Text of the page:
A Community Devoted to the Preservation and Practice of Celestial Navigation and Other Methods of Traditional Wayfinding
Re: Linear Regression In Reverse
From: Peter Fogg
Date: 2005 Jun 6, 04:30 +1000
From: Peter Fogg
Date: 2005 Jun 6, 04:30 +1000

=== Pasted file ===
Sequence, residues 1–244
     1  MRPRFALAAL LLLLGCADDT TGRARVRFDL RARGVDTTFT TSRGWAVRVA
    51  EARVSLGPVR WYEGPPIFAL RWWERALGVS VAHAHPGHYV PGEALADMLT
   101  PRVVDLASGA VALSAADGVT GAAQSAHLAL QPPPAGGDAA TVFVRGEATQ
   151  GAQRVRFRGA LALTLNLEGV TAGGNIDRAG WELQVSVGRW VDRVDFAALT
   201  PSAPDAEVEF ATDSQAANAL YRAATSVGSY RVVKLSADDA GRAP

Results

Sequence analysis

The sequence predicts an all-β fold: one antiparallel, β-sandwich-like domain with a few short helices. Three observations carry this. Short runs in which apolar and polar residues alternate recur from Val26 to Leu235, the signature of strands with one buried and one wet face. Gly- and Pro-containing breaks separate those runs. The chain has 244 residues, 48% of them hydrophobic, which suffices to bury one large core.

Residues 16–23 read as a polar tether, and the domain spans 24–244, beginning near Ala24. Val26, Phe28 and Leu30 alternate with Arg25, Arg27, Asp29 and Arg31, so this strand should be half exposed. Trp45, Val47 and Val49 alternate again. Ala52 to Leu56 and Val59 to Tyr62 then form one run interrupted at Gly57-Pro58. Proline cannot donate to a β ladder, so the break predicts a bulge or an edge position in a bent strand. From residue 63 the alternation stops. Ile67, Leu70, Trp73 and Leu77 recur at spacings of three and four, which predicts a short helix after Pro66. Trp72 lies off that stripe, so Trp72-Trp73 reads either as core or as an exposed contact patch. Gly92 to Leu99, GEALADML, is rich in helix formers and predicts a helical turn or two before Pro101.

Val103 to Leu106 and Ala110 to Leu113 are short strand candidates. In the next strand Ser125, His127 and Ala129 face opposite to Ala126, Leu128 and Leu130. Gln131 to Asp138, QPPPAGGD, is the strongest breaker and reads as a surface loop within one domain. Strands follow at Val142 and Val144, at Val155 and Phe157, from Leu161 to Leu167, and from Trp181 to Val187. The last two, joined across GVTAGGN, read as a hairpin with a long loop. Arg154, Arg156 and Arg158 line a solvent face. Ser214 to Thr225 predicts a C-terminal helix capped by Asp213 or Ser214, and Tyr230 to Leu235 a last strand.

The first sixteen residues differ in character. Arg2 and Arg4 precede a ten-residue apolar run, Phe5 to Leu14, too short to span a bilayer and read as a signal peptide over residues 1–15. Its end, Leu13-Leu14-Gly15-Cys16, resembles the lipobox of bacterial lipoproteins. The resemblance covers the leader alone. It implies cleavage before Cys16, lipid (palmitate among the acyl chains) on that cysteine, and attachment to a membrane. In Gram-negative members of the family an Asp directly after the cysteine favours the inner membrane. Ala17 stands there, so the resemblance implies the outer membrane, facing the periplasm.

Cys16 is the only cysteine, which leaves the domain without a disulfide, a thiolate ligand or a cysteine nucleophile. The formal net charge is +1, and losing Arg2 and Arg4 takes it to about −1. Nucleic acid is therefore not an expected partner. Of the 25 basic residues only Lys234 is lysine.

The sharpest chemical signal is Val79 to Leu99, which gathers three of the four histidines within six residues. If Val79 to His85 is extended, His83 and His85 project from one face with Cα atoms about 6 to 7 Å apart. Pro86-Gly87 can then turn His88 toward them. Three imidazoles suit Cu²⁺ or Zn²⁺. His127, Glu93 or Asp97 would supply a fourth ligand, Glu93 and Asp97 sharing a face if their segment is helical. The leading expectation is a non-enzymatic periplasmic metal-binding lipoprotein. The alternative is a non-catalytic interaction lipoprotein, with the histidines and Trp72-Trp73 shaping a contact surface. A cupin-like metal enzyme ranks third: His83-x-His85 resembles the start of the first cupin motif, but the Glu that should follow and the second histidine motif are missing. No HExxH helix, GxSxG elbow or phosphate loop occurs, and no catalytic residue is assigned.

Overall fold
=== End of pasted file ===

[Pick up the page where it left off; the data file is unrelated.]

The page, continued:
George says: > I'm still in a bit of difficulty over Peter Fogg's proposal for > determining > altitude of a body at the exact moment it's on the observer's prime > vertical (his East-West line). > How is that precalculation done, I ask? Anyway you like. I'm not an expert on the alternatives. > What's the expression that's used > to provide the moment when the body is exactly East or West? 90 or 270 degrees of azimuth. You're the expert on determining azimuth George, remember. > I can see that > it could be determined by plugging an azimuth of 90 degrees into a > standard > navigational triangle, but what's the resulting trig expression? A practical approach (when all at sea) that dispenses with trig expressions is to observe the prime vertical well enough to find the exact azimuth later by reiteration. I use my nav calculator, plugging in the next day's date when I plan to make the observation. I should not be surprised to learn that a trig formula could be devised. > Presumably the precalculation is based on an assumed position. How > sensitive is the result to errors in that assumed position, and does that > matter? The same issues are involved as with any timed sight that, in the absence of a known position, relies on the best alternative, a DR or assumed position. > Does the method provide for reiteration if the observation shows up > significant errors in that assumed position? The method, such as it is, involves making a timed sight (via a series over five minutes) at a predetermined moment. I can only answer your question by speculating. I can't see any problem with using reiteration to advance an erroneous DR closer to the LOP. Would that closer DR then give a more accurate intercept? This is the assumption behind reiteration. > How important is it, anyway, to know the exact moment when the Sun is on > the prime vertical? As I see it, it's a very undemanding requirement. The requirement is to achieve an LOP that runs due north/south. Its up to you to determine what constitutes your acceptable level of sloppiness. Once the moment of prime verticality is known the azimuth has, by definition, been determined. What is left to do is to match that moment with its corresponding observed altitude, using Reverse Linear Regression, then use sight reduction to find the intercept. The moment is fleeting, compared to a noon sight, since the apparent movement is greater. On the other hand, if the divisions on the graph paper represent 10 seconds then that limits the precision achievable. All of this looks more demanding in prose than it is in practice. This is why I encourage anyone interested to use the technique - its an easier way to understand it. > Is this a precalculated slope? If so, how is it calculated? What's the > expression used to give the slope? Yes. Its a function of azimuth and latitude. For example, at 50 degrees of latitude the slope at prime vertical is about 48' and rising if east, descending if west. At 34 degrees of latitude the slope is about 62', ' indicating minutes of arc, measured on the axis of altitude. The question is: by how many minutes of arc does the body rise or fall over five minutes of time. It could be established by observation. The last time the issue got a good thrashing here, when most contributors were focused on 'averaging', someone volunteered a formula for determination of slope. It should be findable in the archives; look for subject lines including 'averaging'. I use the calculator in George Bennett's book. > What's the slope used for? It expresses graphically the movement over time of the apparent rise or fall of the observed body. > If the > calculated slope doesn't correspond with the observed slope of the sights, > around the precalculated moment, what happens next? Is something then > adjusted to fit? Its the slope (in practice, a line parallel to the slope) that is adjusted to best fit the pattern of sights, thus the opposite of linear regression which uses the pattern of sights to devise a slope that best fits them. Linear regression is used in a variety of non-nav situations where a number of data points is available. It devises a slope from them, enabling an analysis of their commonality. Like many statistical techniques, it seeks to extract useful information from raw data. It is not the best tool for this nav purpose since what it seeks to determine is a fact easily established - the slope. We work in the opposite direction, from the slope towards the perfect line of sights that matches it. > To clarify matters to me, let me ask: If you DID manage to make that > altitude observation at exactly that precalculated moment, would any of > this "slope" business be required? You ask good questions, George. No, if the sight is made at the right instant then none of this slope business is necessary. Except, of course, to indicate a better result than any of the individual sights, and to provide a picture (literally) of just how accurate the individual sights are. The slope corrects and analyses the pattern of sights. > Peter, please don't hesitate to say more, in response to these requests, > to > explain just what you do and how you do it. In those circumstances, nobody > will accuse you of "just banging on about his idee fixe". Thanks for that. Again, its easier to do than to understand or write about. I'm happy to respond to specific requests. > I don't see how you can expect me to "provide my own example", when your > methods remain unclear to me (perhaps because of my own naivety). Only you > can do that, to illustrate those very methods. Tell me your latitude and I'll give you the slope. Its the only thing you're missing to get started. Studying statistics was rather depressing since I would sit through entire lectures and understand almost nothing. That came later, slowly, while working through exercises until I could do them. Understanding the mathematical logic behind them is something I am still struggling with. The point is: the direction of approach taken towards knowledge is important. You don't have to take the hard road if an alternative is available. > Well, I wasn't asking about the general topic of linear regression > (reversed or otherwise) but about the specific details of how Peter > himself > carries out his observation and analysis, questions that I have spelled > out > in detail above. Bennett's book provides no answers to those questions. If you have 'Bennett's book' then you have the best resource for this topic I know of.